“I wasn’t diagnosed until I was 51 and in my second year of law school (and both of my young adult children were diagnosed!). I tell everyone and talk openly about my experience because, as a woman who lived undiagnosed for so long and considering all of the mental health challenges I experienced as a direct result of not knowing I simply had a differently wired brain, I want to normalize talking about all of the ways ADHD can exhibit itself. I am also trying to show others that ADHD has no bearing on someone’s intelligence, isn’t always physically hyperactive (I say it’s like my brain has multiple radios playing in it all day and my focus goes from one to the other kind of randomly all throughout the day!) and that it can hide, especially in women and girls.” – Christina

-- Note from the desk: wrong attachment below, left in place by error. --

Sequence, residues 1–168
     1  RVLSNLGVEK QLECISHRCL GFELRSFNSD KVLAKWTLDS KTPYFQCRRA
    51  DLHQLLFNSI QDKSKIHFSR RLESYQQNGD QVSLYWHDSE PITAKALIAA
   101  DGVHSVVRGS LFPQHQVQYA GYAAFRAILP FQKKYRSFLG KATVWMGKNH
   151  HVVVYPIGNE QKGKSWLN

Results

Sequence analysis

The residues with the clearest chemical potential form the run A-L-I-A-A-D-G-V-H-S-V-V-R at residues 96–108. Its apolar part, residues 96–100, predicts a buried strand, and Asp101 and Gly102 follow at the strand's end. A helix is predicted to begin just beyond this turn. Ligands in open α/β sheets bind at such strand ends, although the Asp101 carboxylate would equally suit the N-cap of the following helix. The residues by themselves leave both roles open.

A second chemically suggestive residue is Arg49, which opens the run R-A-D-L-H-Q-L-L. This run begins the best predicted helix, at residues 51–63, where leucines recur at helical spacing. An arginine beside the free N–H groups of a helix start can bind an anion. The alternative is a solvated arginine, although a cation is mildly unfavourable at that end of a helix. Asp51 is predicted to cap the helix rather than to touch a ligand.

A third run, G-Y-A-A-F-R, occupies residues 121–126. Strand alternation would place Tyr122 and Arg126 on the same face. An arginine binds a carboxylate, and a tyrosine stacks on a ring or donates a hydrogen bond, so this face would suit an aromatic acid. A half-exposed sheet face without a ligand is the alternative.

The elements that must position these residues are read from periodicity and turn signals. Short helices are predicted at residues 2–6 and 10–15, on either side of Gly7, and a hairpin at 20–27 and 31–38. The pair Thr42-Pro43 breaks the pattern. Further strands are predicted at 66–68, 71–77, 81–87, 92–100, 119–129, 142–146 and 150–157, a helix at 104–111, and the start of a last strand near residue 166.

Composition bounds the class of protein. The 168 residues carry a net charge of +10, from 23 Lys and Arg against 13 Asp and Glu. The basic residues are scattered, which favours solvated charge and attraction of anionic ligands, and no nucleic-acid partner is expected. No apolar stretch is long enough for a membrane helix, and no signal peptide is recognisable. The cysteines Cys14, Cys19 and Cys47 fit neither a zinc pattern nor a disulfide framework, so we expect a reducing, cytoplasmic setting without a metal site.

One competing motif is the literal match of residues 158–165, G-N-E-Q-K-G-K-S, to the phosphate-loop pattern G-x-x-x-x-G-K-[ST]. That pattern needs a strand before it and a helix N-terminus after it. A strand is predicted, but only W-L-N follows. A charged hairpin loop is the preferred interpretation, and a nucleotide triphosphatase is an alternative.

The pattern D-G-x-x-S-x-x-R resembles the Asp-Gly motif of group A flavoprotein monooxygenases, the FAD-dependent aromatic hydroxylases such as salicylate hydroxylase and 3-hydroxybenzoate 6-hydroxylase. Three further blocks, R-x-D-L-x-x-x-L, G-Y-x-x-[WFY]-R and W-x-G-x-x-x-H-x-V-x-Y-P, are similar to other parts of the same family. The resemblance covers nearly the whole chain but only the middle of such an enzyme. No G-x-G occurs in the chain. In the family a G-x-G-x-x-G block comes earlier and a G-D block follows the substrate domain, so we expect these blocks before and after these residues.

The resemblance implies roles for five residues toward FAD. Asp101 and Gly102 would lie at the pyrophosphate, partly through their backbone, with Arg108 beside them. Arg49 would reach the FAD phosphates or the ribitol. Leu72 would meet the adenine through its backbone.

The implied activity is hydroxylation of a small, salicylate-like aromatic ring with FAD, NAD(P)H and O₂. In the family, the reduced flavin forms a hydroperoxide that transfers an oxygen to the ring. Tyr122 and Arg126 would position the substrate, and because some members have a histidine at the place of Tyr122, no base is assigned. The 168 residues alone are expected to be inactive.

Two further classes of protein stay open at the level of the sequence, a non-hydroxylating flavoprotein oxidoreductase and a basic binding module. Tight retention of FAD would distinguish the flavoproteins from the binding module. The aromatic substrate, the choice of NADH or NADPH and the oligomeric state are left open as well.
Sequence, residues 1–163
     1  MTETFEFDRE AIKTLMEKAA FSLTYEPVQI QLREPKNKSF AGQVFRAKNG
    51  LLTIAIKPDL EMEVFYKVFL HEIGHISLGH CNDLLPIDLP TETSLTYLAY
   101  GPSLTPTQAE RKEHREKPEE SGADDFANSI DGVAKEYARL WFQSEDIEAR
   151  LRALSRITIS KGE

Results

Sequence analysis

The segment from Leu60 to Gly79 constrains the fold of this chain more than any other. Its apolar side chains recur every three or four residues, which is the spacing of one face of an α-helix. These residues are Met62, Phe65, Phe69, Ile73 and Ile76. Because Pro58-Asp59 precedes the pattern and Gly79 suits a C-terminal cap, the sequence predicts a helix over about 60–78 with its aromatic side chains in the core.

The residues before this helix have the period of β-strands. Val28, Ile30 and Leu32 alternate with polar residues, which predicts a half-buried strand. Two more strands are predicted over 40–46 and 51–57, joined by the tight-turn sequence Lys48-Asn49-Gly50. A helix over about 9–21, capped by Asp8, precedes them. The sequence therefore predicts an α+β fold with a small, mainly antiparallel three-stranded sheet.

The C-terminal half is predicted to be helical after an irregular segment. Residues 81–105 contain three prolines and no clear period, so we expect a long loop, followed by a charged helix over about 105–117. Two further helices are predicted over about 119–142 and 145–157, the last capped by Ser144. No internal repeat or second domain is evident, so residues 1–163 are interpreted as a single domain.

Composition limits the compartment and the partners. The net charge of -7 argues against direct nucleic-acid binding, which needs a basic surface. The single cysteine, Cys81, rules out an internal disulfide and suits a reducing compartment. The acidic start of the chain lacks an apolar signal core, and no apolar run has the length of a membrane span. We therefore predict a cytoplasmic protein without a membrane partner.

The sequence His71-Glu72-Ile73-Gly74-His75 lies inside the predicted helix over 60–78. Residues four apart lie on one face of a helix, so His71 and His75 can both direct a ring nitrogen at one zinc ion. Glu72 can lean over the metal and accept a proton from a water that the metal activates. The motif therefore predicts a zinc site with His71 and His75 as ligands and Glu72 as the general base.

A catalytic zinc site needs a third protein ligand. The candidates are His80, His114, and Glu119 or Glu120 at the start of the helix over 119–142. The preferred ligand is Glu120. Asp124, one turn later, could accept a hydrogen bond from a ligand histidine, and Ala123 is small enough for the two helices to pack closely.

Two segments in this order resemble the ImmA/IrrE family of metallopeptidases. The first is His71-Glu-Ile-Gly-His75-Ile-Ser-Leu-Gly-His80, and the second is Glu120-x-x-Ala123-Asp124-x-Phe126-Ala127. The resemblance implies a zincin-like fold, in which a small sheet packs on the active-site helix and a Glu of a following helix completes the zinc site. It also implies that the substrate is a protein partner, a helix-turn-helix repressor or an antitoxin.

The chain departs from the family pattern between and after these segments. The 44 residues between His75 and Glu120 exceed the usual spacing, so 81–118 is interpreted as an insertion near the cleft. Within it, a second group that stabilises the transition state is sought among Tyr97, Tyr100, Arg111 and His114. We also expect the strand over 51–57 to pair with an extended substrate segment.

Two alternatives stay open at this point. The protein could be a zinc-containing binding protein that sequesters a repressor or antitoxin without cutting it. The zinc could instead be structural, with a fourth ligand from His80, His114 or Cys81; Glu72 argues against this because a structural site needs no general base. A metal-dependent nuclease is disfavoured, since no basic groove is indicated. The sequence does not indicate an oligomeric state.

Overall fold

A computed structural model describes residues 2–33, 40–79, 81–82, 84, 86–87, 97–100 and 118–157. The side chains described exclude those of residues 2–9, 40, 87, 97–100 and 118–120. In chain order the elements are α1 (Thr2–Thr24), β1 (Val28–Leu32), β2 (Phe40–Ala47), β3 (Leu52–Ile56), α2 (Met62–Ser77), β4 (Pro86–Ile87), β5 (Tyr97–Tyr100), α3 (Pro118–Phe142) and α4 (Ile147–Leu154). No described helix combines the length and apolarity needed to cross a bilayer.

“As times have gotten more accepting of mental disorders, I’ve learned to be more open about my ADD to others… I can’t change it or fix it (fully) myself and I’ve learned to accept that that’s not my fault or anything to be ashamed of. If I can’t love me the way I am, then I can’t expect others to love me for the way I am.” – Tasha

“I am very open about my diagnosis with friends, family and employers because it helps set expectations early and helps explain what happens when my coping strategies break down. Being open with my diagnosis also helps to change their assumptions and opinions about people with ADHD — what we are like, what we are capable of, and how successful we can be — because my career has been wildly successful thanks in part to my abilities to hyperfocus and stay calm under pressure, which allows me to pull off miracles when necessary.” – Camron